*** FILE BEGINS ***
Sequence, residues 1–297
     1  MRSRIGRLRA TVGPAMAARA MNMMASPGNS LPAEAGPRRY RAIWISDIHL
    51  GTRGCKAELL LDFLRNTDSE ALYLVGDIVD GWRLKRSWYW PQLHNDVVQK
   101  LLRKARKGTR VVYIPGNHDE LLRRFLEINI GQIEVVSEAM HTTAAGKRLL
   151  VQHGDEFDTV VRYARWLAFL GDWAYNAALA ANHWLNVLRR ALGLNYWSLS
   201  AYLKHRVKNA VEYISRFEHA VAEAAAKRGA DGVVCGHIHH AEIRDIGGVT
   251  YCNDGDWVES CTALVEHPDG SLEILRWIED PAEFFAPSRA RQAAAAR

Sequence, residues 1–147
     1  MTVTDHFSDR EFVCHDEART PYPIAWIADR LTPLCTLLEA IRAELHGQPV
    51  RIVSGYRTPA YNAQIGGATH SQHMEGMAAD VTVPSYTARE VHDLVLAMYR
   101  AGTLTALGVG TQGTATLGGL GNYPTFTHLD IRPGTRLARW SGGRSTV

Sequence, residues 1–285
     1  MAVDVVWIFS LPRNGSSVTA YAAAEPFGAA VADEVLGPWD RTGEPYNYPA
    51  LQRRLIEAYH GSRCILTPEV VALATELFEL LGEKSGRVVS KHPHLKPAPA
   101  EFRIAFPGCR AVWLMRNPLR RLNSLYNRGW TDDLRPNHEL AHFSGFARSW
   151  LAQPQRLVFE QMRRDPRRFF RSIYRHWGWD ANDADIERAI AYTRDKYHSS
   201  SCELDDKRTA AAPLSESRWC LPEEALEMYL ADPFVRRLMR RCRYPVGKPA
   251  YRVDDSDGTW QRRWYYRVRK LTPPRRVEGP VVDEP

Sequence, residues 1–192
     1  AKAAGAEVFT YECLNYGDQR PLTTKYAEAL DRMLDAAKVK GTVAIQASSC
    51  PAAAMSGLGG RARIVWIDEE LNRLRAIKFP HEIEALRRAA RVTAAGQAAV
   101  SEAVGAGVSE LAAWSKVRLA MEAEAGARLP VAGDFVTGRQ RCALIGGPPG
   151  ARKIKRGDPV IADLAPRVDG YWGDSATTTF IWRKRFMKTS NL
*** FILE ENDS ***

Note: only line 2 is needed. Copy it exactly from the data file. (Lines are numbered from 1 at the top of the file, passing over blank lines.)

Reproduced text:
     1  MRSRIGRLRA TVGPAMAARA MNMMASPGNS LPAEAGPRRY RAIWISDIHL